Confessions of a Shopaholic: Relic of an Economy Past

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Robert Zuckerman / Touchstone Pictures and jerry Bruckheimer, Inc.

From left: Kristin Scott Thomas, Isla Fisher and Leslie Bibb in Confessions of a Shopaholic

Long, long ago, in a very different economy, there were people called shopaholics. They wielded credit cards and wore shoes so ugly that they came to be considered beautiful. A few of these creatures can still be found toting small dogs in Los Angeles or being led around New York City by Tom Cruise, but their ranks are presumably diminishing at the same rate as your 401(k).

Perhaps, then, it's a good thing they have been commemorated in Confessions of a Shopaholic, a movie adaptation of Sophie Kinsella's series of novels about a shopping-obsessed, debt-ridden young English journalist named Becky Bloomwood (Isla Fisher). As a romantic comedy, it is forgettable. But as an ill-timed anthropological artifact, Confessions offers weird pleasures, not least among them the fact that it makes us root for the debt collector. (See 25 people to blame for the financial crisis.)

Reframed in the movie as an American, Becky is a classic case of the aspirational shopper, scarred by a childhood full of sensible brown shoes and thrift-store shopping with her mother (Joan Cusack, who in real life is all of 14 years older than Fisher). "When I shop, the world gets better," Becky says dreamily. "And then it's not, and I need to do it again."

Isn't that exactly what they told us the week before Christmas? And we didn't shop — and look how much worse the world got. Maybe Becky is on to something. Certainly her new editor, Luke (Hugh Dancy), thinks so. Oblivious to her $16K in debt, he hires her to write for Successful Savings magazine right after she's been laid off from a gardening magazine that's being shuttered (the movie's first and only nod to reality in the world of media). He likes her sort of Everywoman approach to consumerism and forgives her complete ignorance of actual finances.

Naturally, her column is an instant hit. This might be less absurd if we were privy to their content, but director P.J. Hogan probably didn't want to trouble the American moviegoing public with such details. That Becky and Luke (who happens to be rich — he's basically a walking lottery ticket) will fall in love is also a given, but that's a touch harder to swallow. It's not that Dancy isn't cute — he is, like a smaller, more delicately featured Hugh Grant — but simply because Becky seems more interested in mannequins than in men. There's nothing womanly about any of her getups; they're more like costumes put on by a little girl playing dress-up. She's not looking for a boyfriend; she's looking for a $120 scarf that, as she says in voiceover, can help define your psyche.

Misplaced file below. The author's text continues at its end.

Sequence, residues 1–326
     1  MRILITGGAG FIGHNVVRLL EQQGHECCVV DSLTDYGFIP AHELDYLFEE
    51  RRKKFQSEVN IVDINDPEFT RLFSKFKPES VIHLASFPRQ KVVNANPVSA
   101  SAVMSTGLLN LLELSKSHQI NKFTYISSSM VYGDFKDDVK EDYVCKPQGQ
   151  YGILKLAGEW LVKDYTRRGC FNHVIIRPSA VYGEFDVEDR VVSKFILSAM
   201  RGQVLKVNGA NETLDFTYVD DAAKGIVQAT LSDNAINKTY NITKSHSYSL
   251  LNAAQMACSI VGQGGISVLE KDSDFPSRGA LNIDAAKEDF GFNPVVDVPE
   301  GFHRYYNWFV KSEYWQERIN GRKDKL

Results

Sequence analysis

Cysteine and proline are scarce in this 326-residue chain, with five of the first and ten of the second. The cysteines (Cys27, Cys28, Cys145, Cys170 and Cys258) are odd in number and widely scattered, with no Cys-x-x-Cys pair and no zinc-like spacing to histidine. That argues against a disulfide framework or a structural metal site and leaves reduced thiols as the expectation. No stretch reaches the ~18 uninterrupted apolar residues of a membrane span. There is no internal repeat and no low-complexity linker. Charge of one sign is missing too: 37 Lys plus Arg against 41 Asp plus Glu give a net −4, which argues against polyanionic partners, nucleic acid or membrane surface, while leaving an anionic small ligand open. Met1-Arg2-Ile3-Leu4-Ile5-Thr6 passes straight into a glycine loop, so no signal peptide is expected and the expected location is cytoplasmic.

There's no evidence that Becky ever really questions this point of view. Maybe that's why we ultimately find a character we're presumably supposed to hate, the collection agent doggedly pursuing her, so sympathetic. Angular, angry Derek Smeath (Robert Stanton) has been driven to the brink by Becky's inexcusable number of excuses. When he finally pounces, the satisfaction is akin to seeing your little sister get spanked for reading your diary.

Fisher, an Australian actress whose breakthrough moment happened around a dinner table with Vince Vaughn in Wedding Crashers, is a nifty performer. Her charms are enough to keep the movie — entering the marketplace just as the country's financial situation becomes truly dire — from being criminally distasteful. She's got that rare gift for making slapstick seem organic. Confessions runs her through the chick-flick moves of endearment (walk into glass, run in high heels, spill food on self and others), but there are a few scenes where she cuts loose and we get to see her Lucille Ball–style warmth and wackiness. It's a simple pleasure to watch Becky attempt to retrieve a wrongly addressed envelope before it lands in the hands of her idol, fashion-magazine editor Alette (Kristin Scott Thomas, doing the haughty Devil Wears Prada thing very, very well).

The movie's other saving grace is that Becky has absolutely hideous taste. Whether this is intentional, only costume designer Patricia Field (Sex and the City) knows for sure. What Carrie Bradshaw might have pulled off, Becky sinks under. Colors, plaids, accessories, boots — it's all garish; she doesn't wear or carry a single appealing object for the length of the movie. This is oddly comforting. We're officially 14 months into this recession, and many of us are not just tightening belts but swearing off shopping altogether. Confessions, perhaps inadvertently, assures us that being deprived of Gucci boots can be a good thing.

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